Some targeted tariffs have been imposed in recent months. Washington has penalised imports of Chinese tyres and coated paper products. Both the US and the European Union are restricting Chinese steel.
The standoff with Google has illustrated the difficulties foreign business faces in China. It has also starkly raised the question of who will have the upper hand in future negotiations.

“The operating environment is tougher than ever for western companies,” said James McGregor, head of the government relations committee of the American Chamber of Commerce in China. “But unlike Google, most western companies also need China more than ever.”

China is the biggest recipient of foreign direct investment in the world: 450 of the Fortune 500 companies have business presences there, and many of those still reeling at home are doing brisk business in China. “GM is hurting anywhere else, but here things are quite profitable,” McGregor said.

Some suggest that China’s lack of democracy is an advantage in making unpopular but necessary changes. “It is more challenging for democratic systems because every day they come under public pressure and every short period they have to go back to the polls,” said Victor Chu, chairman of First Eastern Investment Group in Hong Kong, the largest direct investment firm in China. “China is lucky to have the ability to make long-term strategic decisions and then execute them clinically.”

With China’s rising clout, the West has less leverage over Beijing. When China was seeking to join the WTO a decade ago, it accepted compromises to US and European demands. At climate talks last month in Copenhagen, however, China blocked a comprehensive deal and refused to go beyond its earlier promises. Portrayed as a deal breaker in the western media, at home it was celebrated as the country that stopped the West from imposing its terms on developing countries, Chu said.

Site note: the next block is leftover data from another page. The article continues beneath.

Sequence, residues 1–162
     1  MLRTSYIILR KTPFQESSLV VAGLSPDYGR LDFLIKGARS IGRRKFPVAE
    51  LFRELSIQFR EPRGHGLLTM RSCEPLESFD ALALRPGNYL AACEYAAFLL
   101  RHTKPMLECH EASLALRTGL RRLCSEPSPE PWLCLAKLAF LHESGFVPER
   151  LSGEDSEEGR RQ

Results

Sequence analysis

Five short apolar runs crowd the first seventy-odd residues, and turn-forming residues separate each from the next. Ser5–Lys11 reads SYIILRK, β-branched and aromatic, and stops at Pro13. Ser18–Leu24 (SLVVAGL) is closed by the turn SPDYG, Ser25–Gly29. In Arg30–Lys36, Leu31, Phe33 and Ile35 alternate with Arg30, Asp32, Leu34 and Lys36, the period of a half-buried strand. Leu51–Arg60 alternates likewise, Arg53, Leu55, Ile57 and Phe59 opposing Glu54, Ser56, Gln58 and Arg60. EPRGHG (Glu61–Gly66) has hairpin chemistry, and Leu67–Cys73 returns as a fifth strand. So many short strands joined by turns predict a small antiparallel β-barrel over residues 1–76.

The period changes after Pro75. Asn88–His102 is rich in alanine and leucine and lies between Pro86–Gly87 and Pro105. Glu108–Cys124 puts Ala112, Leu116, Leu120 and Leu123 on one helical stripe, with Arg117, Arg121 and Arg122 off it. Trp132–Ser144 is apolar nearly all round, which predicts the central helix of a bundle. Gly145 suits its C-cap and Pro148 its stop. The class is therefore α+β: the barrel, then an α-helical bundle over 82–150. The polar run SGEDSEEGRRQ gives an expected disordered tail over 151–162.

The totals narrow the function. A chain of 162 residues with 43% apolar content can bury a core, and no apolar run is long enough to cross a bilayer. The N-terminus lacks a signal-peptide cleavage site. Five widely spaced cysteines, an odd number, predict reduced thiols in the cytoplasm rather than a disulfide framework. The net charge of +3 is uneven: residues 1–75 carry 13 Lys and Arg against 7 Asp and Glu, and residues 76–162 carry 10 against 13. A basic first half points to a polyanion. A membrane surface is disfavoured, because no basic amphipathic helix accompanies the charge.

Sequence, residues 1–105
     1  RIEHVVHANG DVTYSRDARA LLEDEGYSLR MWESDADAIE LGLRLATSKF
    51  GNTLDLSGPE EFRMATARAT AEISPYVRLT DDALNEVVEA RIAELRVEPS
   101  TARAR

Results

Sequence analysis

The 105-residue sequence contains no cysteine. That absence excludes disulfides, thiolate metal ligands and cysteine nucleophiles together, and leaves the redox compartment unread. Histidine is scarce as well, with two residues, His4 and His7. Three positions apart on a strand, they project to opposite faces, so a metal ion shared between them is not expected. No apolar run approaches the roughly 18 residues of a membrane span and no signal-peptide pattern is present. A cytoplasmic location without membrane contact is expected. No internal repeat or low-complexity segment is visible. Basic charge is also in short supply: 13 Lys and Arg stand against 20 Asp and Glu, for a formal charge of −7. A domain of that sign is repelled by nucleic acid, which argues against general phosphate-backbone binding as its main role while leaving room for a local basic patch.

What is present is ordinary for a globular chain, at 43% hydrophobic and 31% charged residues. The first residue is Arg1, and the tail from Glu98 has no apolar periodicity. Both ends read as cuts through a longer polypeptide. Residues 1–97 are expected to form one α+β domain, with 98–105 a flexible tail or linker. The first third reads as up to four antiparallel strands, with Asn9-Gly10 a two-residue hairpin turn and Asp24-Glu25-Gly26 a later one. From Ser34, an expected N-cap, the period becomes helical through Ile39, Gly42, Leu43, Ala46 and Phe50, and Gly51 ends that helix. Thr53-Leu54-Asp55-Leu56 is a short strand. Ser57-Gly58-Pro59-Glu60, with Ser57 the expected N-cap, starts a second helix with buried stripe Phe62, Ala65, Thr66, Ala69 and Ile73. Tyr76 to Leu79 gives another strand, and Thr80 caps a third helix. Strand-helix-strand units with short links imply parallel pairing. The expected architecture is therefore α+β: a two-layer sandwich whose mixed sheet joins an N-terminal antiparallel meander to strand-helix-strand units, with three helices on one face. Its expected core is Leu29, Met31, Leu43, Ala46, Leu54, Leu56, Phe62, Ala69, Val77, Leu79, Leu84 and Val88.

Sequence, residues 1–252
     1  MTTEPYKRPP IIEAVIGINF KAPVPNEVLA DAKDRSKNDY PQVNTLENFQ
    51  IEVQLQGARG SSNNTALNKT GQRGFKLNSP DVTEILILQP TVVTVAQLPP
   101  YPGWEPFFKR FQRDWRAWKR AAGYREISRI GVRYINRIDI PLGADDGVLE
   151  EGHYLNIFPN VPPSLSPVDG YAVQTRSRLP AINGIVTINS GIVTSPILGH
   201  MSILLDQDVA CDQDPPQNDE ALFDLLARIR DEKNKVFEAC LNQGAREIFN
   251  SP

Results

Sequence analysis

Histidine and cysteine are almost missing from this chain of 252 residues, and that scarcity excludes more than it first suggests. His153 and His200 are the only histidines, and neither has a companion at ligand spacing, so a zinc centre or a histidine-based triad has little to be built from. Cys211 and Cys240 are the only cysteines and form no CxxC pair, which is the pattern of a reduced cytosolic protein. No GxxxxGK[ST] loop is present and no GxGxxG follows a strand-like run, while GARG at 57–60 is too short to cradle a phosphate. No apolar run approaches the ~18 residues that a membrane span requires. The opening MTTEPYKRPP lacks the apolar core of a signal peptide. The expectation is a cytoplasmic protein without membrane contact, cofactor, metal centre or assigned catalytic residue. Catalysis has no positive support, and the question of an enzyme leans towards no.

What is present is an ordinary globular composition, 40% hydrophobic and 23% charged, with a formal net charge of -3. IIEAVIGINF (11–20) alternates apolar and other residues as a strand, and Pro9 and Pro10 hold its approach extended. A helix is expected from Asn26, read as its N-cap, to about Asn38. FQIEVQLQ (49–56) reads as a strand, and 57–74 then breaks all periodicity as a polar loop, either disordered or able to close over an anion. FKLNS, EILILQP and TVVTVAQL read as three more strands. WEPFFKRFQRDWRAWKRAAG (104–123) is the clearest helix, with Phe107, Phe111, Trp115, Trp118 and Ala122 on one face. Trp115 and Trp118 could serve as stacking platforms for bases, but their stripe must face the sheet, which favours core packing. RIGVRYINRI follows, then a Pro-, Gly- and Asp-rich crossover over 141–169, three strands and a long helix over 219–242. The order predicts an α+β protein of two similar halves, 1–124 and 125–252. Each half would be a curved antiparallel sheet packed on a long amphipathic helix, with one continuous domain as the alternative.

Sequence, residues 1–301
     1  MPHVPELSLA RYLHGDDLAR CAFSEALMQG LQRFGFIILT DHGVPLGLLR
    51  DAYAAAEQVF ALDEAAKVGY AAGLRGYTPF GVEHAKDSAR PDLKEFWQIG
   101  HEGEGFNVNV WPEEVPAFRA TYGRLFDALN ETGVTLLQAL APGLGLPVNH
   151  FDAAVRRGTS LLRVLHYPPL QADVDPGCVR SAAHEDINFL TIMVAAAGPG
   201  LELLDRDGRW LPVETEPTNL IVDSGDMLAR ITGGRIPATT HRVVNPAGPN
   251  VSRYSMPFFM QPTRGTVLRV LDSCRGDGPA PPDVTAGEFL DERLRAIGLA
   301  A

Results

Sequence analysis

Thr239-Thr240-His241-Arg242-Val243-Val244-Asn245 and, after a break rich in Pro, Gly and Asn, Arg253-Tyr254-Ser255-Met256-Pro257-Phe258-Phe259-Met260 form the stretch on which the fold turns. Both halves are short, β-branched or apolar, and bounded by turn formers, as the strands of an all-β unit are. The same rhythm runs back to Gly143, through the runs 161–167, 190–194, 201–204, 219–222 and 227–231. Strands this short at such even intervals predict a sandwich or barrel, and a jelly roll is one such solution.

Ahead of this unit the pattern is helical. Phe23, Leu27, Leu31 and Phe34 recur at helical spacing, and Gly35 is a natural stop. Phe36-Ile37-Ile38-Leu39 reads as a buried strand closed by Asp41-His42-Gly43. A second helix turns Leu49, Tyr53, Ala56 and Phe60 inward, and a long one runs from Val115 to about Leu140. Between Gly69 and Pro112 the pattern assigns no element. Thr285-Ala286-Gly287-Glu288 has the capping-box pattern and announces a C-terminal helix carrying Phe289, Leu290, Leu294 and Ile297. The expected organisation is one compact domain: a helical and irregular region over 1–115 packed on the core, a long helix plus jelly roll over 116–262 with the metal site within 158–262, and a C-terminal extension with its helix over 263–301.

Some say Chinese officials are using their country’s $2.4 trillion in foreign currency reserves as a bargaining chip, knowing that any hint of reducing those reserves would rattle currency markets.

“As China is emerging on the global stage with unprecedented power and influence,” said David Shambaugh, a professor of political science and international affairs at George Washington University who is in China as a Fulbright scholar, “it is not proving to be the global partner the US and EU seek.”


In the world of power politics, that is not particularly surprising. Like many western countries, China will act only when it is in its interest.

Chu of First Eastern Investment said he expected China to resume a gradual appreciation of the renminbi later this year, not because Washington was lobbying for it but because signs of inflationary pressure and bubbles in the Chinese credit and housing markets were mounting. This month, the Chinese authorities raised interest rates and moved to curtail bank loans.

Kenneth Rogoff, an economics professor at Harvard University who just spent two weeks in China, warns that the country will face its share of economic troubles in the years ahead. But that will not change the underlying trend, he said.
While China remains much poorer than the advanced industrial powers of the West on a per-capita basis, its rapid growth should enable it to pass Japan this year as the world’s second-largest economy.